1. Values

Global justice, human rights, and values 

This stream examines how dynamics in and between local, national, European, and international legal orders can raise questions of fairness, inequality, accountability, legitimacy, and sustainability. It investigates how legal rules and instruments can be used to safeguard these values and reflects on the extent of integration and fragmentation in and between these orders.

This stream also examines how national, international, and European law are or could be used to address political, economic, criminal, environmental, social, and military challenges, and how they relate to domestic policies. It discusses whether the idea of global justice is achievable and to what extent it entails extraterritorial obligations for issues such as human rights violations, refugee crises, the emergence of pandemics, the threat of terrorism, or the transgression of planetary boundaries. Other important themes include the role of different actors in the national, European, and international legal orders, whether there are interdependencies between these orders, and how they influence each other.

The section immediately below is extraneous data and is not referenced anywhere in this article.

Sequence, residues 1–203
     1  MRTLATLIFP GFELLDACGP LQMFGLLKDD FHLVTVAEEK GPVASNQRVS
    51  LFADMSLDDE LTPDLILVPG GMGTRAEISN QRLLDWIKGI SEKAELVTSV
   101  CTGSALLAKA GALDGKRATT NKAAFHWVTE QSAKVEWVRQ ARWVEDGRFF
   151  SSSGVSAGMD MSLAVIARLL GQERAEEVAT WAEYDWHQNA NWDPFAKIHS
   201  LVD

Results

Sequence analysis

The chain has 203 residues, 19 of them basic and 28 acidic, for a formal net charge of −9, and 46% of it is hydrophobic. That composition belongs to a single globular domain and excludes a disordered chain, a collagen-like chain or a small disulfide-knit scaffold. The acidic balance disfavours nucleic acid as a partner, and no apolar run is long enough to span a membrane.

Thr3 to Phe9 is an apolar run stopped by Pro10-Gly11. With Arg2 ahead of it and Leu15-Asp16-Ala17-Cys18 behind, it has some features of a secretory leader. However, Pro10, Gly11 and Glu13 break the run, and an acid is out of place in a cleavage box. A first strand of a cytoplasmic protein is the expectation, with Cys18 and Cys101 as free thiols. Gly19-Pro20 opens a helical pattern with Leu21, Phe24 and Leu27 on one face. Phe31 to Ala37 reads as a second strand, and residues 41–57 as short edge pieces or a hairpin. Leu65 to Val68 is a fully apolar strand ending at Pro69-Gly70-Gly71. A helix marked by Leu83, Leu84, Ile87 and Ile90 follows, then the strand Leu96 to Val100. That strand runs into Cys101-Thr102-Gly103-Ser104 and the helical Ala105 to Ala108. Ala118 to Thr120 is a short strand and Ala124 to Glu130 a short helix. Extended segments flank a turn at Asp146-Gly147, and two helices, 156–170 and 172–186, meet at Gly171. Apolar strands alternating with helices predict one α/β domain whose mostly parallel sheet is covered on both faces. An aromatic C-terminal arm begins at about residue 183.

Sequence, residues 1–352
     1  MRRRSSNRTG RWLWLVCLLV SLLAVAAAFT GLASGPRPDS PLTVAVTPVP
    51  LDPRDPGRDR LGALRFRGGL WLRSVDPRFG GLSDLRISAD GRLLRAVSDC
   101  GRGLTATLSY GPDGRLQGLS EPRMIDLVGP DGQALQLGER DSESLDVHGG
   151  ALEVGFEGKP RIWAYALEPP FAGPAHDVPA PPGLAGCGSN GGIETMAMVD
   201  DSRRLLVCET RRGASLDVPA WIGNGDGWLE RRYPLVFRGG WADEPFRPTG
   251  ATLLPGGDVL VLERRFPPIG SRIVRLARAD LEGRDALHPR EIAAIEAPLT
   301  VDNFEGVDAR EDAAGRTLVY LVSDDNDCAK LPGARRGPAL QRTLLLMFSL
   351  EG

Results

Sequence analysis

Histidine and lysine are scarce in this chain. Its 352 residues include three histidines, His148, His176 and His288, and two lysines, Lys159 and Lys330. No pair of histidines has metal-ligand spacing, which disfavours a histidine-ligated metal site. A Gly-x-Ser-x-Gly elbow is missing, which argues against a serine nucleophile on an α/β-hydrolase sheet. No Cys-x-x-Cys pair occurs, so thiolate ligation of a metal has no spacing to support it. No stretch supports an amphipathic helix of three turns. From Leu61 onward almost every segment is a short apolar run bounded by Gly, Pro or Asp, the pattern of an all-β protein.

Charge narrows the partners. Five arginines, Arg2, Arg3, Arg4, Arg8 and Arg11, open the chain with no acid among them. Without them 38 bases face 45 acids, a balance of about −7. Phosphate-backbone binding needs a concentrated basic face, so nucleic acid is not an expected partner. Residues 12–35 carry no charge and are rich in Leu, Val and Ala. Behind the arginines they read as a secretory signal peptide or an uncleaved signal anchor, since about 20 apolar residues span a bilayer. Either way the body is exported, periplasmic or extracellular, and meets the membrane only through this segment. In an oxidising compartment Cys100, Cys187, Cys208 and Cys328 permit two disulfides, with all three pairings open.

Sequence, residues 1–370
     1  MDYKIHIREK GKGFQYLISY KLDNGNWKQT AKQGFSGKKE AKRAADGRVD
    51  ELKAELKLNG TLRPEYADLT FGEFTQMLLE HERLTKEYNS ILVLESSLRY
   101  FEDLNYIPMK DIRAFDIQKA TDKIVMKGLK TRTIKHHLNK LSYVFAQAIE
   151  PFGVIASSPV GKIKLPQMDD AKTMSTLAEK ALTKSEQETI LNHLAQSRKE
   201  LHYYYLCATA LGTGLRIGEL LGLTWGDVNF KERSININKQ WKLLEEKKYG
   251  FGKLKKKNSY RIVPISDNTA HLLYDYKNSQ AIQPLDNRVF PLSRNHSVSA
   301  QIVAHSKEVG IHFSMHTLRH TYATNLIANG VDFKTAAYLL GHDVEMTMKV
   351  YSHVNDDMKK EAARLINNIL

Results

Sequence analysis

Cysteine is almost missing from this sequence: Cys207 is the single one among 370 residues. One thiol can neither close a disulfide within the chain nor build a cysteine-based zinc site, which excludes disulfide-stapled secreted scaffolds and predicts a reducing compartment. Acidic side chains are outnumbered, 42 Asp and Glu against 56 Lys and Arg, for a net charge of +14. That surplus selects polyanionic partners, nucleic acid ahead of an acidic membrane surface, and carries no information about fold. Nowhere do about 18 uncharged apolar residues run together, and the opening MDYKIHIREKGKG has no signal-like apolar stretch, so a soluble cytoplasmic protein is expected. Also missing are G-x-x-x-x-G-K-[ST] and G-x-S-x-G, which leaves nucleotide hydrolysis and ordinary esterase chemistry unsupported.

The rights-related research in this stream investigates the appropriate scope of economic, social, and cultural rights, and to what extent these rights impose or steer policy making at the national, European, and international level. It also examines the relations between national, regional, and international law, for instance in the context of the European Union or in sub-fields and policy areas, such as security, migration, climate change, digitalisation, social security, and criminal law. Special attention is given to the relationship between the EU and the Council of Europe systems, as well as their interaction with national legal orders.